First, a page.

Second, regarding the specific assertions in the article, I don't think it is wildly off the mark, although I'd agree that it's not really new either. Murph's comment of "the [additional] products have to be paid for anyway" is accurate only in some cases. As examples, let me list Active Directory and IIS, both products that before had their own markets and that Microsoft successfully integrated into their server offering, built in, and for free. In the case of Active Directory, they've essentially killed off the competition (which was mostly Netware Directory Services, and, by the way, the product was invented by Novell too), and in the case of IIS the only thing that has been stopping them from owning the web server market is Apache/Linux.

Whether the products have to be purchased separately or not, however, is not the issue IMO. The article doesn't talk about the price, but about bundling, since the problem is not whether you're providing new products but whether you're using dominance of one market to leverage into dominance of others.

Regarding the server shipments stats, that Murph questions, I think he is right, there are many UNIX boxes that are not being paid for. But the fact that, even with that factor in, even considering it's a down market, they are still increasing their dominance is what counts.

In the end, it really comes down to whether Microsoft behaves or not. There is a fine line between doing "just bundling" and leveraging dominance in one market to conquer the next. As the article notes, Microsoft has had less success with XBox, and clearly the fact that they didn't have a market to leverage for that has been a factor.

I really think that Microsoft has what it takes to compete fairly so it's sad that they feel they have to revert to those kinds of tactics to ensure dominance. If I was an engineer at, say, the SQL Server group, I'd be pissed off that management thinks that they have to resort to these tactics to ensure the product wins, since apparently it can't win on its own merits. But maybe they feel they have no choice: given that they already dominate the PC/OS and office applications market, they have to move aggressively into other markets or their growth rate will stall. Oh well.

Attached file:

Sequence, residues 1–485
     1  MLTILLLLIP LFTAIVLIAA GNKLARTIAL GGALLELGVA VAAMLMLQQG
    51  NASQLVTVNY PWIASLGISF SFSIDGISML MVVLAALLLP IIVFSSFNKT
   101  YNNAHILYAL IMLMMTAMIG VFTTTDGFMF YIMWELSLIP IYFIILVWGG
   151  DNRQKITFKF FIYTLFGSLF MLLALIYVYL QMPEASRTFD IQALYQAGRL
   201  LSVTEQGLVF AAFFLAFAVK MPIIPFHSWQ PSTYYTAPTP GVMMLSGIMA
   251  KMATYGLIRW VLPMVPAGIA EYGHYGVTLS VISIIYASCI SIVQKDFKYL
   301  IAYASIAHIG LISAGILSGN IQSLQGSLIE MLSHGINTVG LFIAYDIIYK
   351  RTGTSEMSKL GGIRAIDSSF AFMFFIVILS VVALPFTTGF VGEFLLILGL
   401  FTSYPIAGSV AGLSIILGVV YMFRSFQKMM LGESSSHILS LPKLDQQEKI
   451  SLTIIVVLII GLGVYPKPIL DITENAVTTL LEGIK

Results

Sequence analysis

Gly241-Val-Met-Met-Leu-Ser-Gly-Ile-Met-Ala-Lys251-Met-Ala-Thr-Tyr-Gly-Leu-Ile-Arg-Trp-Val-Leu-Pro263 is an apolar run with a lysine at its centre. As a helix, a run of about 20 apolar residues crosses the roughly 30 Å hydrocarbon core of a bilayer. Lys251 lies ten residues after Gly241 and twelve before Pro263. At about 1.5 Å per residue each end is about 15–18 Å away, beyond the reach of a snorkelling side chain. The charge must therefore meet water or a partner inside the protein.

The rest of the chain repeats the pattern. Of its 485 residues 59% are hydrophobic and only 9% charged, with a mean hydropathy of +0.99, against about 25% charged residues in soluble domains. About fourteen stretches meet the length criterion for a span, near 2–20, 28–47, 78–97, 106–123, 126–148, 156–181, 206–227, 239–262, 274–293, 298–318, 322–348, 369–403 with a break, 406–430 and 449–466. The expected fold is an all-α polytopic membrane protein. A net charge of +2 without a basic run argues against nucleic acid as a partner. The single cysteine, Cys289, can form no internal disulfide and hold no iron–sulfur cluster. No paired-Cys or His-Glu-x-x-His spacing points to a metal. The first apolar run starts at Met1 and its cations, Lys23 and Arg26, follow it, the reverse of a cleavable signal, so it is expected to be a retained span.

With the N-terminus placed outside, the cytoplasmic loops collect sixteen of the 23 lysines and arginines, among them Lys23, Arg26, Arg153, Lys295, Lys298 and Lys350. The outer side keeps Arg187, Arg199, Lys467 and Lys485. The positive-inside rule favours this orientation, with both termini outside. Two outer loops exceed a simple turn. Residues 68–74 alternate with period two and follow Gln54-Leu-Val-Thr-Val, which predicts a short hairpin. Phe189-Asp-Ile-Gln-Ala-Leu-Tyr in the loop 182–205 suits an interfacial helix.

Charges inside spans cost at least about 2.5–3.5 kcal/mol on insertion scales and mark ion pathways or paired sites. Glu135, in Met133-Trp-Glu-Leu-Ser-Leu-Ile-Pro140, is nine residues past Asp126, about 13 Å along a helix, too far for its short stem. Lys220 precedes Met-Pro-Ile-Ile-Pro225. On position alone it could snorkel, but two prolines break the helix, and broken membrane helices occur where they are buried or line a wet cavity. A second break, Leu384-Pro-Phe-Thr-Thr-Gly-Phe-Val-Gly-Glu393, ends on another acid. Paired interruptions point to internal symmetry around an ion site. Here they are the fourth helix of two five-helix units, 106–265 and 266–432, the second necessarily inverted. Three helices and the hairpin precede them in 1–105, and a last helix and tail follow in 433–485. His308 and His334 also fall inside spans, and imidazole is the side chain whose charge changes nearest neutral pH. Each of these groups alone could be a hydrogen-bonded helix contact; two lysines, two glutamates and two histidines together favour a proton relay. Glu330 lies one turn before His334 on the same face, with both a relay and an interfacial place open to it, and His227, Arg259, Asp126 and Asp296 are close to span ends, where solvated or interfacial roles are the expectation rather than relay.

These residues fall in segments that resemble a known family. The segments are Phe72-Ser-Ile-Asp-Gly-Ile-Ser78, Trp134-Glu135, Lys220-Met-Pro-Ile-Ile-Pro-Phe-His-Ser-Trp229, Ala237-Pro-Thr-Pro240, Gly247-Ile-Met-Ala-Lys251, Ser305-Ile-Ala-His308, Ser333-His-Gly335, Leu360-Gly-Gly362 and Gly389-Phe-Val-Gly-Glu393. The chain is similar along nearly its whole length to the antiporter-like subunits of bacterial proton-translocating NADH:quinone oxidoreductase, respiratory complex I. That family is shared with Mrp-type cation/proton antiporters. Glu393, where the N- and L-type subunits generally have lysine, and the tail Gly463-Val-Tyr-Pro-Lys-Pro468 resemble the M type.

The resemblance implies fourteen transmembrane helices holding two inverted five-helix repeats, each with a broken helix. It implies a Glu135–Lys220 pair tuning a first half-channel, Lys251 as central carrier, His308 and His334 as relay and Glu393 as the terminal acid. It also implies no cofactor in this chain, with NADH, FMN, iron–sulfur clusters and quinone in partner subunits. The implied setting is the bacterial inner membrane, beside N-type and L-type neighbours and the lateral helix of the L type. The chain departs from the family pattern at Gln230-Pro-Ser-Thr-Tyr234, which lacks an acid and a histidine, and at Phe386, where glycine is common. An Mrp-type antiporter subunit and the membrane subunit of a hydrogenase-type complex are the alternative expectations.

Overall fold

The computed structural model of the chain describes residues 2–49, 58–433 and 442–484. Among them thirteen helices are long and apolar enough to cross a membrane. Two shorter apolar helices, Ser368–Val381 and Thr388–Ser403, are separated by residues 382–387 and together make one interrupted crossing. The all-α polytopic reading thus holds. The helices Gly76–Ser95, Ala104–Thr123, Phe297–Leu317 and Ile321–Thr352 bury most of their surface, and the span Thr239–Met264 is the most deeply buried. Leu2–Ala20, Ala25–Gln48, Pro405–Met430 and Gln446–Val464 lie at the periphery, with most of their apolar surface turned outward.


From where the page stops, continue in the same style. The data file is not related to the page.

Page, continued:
PS: Murph, you really should get a weblog! I think your comments would be a valuable addition to the blogsphere. :)

Posted by diego on April 28, 2003 at 2:30 PM

clevercactus: the UI changes

I've been meaning to post this since friday. So, finally, here it goes!

Some comments by email (particularly on the dev-list) had to do with the new UI of clevercactus. I want to talk a bit about that. But first, a screenshot:


(click on the image to see a larger version)

The difference that can be seen right away with respect to the alpha is that the tabs are not there anymore. This is temporary--let me explain. I have already talked about it on the dev-list, but I thought it was useful to do it here as well.

Apart from the "navigation bar" and more filters (to, say, "see only the messages received in the last week") The new navigation interface includes the back and forward buttons. The buttons get activated when switching any of the parameters (say, going from Messages to Contacts, or changing the sorting, or, again, viewing only messages from last week), letting you navigate quickly between views. The buttons don't keep state between runs (although if it makes sense they could do that eventually), and they maintain state when switching between spaces. Soon, each space will have its own navigation history. Additionally, the tabs will be back, but they will be dynamic. The final result will look very much like a modern browser interface: the back/forward and the view filters define the current view, and you will be able to create multiple tabs dynamically, making it look like "the old spaces" if needed, or maintaining multiple views that you normally use, for example, view all Unread messages, and view all contacts.

The tabs are, IMO, crucial, and as I said they will come back, but improved. The default setting of the tabs will make it look like the spaces alpha, and you'll be able to ignore the navigation features if you want, or use them. The idea would be to move further into the concept of information as something dynamic, "browse-able", in a sense your own personal web of data, rather than the more static view that Folders provide today in other programs.

As always, comments most welcome!

Categories: clevercactus
Posted by diego on April 28, 2003 at 1:58 PM

tracking SARS